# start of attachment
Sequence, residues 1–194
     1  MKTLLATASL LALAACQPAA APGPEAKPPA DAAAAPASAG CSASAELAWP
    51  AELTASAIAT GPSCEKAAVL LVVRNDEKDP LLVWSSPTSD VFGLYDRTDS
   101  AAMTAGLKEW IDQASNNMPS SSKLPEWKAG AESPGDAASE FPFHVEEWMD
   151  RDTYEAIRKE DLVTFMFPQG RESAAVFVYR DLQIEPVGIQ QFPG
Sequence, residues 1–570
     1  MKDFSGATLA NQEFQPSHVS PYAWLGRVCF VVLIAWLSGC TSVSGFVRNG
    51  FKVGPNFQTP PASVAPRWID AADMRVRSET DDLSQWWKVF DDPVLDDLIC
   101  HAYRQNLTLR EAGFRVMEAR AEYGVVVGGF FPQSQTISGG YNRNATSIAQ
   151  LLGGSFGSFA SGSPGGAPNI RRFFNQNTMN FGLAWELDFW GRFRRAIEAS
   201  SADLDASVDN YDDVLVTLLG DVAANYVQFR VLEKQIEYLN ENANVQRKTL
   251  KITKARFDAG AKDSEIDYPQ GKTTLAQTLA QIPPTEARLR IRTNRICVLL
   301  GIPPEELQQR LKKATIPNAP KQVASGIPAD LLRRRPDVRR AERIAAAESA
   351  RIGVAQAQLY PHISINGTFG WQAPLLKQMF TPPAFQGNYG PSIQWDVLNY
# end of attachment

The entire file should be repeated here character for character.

Sequence, residues 1–194
     1  MKTLLATASL LALAACQPAA APGPEAKPPA DAAAAPASAG CSASAELAWP
    51  AELTASAIAT GPSCEKAAVL LVVRNDEKDP LLVWSSPTSD VFGLYDRTDS
   101  AAMTAGLKEW IDQASNNMPS SSKLPEWKAG AESPGDAASE FPFHVEEWMD
   151  RDTYEAIRKE DLVTFMFPQG RESAAVFVYR DLQIEPVGIQ QFPG
Sequence, residues 1–570
     1  MKDFSGATLA NQEFQPSHVS PYAWLGRVCF VVLIAWLSGC TSVSGFVRNG
    51  FKVGPNFQTP PASVAPRWID AADMRVRSET DDLSQWWKVF DDPVLDDLIC
   101  HAYRQNLTLR EAGFRVMEAR AEYGVVVGGF FPQSQTISGG YNRNATSIAQ
   151  LLGGSFGSFA SGSPGGAPNI RRFFNQNTMN FGLAWELDFW GRFRRAIEAS
   201  SADLDASVDN YDDVLVTLLG DVAANYVQFR VLEKQIEYLN ENANVQRKTL
   251  KITKARFDAG AKDSEIDYPQ GKTTLAQTLA QIPPTEARLR IRTNRICVLL
   301  GIPPEELQQR LKKATIPNAP KQVASGIPAD LLRRRPDVRR AERIAAAESA
   351  RIGVAQAQLY PHISINGTFG WQAPLLKQMF TPPAFQGNYG PSIQWDVLNY